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Port threatens seaweed industry

Port threatens seaweed industry

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A farmer gathers seaweed from the waters off Kampot. Pollution may be chasing the seaweed industry to Koh Kong. AFP

KAMPOT'S lucrative seaweed export industry is facing collapse, with hundreds of jobs at risk, say local farmers who blame a port project for polluting area waters.

Pollution from the new port's construction has contributed to the once-rich waters off of the eastern coastal town becoming almost barren for seaweed farmers, with frequent algae and bacterial blooms killing crops, said the head of a seaweed export company.

"We cannot grow seaweed in Kampot any more because of the serious environmental effects on the water and marine life," said Raden Sok, executive director at Enviro Corporation. In 2000, the agribusiness company Star Private Enterprise started growing tropical seaweed on large 70m ropes offshore in Kampot, generating much-needed export income for the local economy. The seaweed, which takes about two months to mature, is exported to Malaysia and China, where it was refined for use in pharmaceuticals and cosmetics. But since the City Power Group

Corporation started building the port in 2007, water quality has steadily declined, said Raden Sok.

Star started incurring heavy losses and was sold last year to the foreign-owned Enviro. Enviro now says it is relocating its farms out of Kampot to a 20,000 hectare concession in Koh Kong. "We have tried to re-start our operations [in Kampot] many times, but it always fails," said Raden Sok.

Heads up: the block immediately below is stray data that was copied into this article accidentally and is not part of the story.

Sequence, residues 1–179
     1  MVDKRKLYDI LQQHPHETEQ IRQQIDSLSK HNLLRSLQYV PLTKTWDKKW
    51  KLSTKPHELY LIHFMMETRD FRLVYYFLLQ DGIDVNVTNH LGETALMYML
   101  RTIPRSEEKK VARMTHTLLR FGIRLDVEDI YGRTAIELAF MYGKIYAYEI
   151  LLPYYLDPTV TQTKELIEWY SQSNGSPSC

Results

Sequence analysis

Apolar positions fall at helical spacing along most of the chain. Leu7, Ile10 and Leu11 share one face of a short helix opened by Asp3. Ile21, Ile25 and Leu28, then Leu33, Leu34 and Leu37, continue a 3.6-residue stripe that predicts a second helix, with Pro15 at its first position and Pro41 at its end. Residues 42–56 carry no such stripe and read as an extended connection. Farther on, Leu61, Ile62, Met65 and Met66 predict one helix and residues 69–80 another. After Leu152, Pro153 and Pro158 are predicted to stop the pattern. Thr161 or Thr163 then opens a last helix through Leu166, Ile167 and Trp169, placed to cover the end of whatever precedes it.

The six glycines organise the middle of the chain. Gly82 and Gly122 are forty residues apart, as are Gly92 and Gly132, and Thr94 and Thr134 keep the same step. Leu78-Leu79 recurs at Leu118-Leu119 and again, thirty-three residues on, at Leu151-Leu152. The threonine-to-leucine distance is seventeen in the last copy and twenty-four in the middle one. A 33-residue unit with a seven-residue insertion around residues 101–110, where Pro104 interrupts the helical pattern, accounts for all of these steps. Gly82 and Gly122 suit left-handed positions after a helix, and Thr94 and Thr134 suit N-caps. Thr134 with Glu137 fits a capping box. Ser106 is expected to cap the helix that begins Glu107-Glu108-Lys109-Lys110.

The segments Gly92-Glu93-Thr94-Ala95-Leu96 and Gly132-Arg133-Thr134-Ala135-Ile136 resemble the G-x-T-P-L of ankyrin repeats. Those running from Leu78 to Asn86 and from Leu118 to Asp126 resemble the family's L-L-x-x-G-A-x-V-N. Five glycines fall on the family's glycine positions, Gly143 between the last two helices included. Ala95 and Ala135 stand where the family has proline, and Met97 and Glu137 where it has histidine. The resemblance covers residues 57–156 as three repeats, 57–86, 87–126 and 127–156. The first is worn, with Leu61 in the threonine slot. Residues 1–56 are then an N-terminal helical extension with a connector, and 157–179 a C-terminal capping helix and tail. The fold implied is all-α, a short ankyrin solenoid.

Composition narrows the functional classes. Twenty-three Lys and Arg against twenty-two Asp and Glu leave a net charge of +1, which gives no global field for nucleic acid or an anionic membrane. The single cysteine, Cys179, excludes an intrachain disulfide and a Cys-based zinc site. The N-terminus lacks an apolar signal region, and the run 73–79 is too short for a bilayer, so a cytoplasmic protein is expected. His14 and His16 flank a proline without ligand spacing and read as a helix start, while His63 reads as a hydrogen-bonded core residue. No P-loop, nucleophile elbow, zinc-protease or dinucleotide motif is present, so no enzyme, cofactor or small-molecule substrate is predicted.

He said that the pollution in Kampot is so bad that seaweed cannot be farmed there for three to five years.

The possible collapse of the marine habitat also threatens more than 300 local seaweed farmers. Farmer Heng Chheang in Prek Tnout commune, Kampot district, said that he has seen his once-robust seaweed harvests fall to almost nothing.

"We used to harvest about 200 to 300kg per rope, but that has fallen to 100kg, and sometimes as low as 40-50kg per rope," said Heng Chheang, who has about 300 ropes.

For Heng Cheang, the farm used to earn his family's most important source of income. "I like farming seaweed because it lets me save money and have enough food to eat."

Wing Huor, managing director of City Power Group, which is building the port, said that the facility has not caused the seaweed farms to collapse. "The port does not affect seaweed farms because [the port] is in a different place," he said.

But according to figures from the Kampot Fisheries Department, seaweed production has plummeted from 1,560 tonnes in 2005 to almost nothing today. Dried seaweed fetches about US$1,000 per tonne on the international market, according to Enviro. Raden Sok said the loss of the seaweed industry will be a blow to Kampot's economy and environment.

"Seaweed is good for the environment, it helps reduce water temperatures, provide shelter and food for marine life," he said. "It gives job opportunities and income to local people," Raden Sok added.

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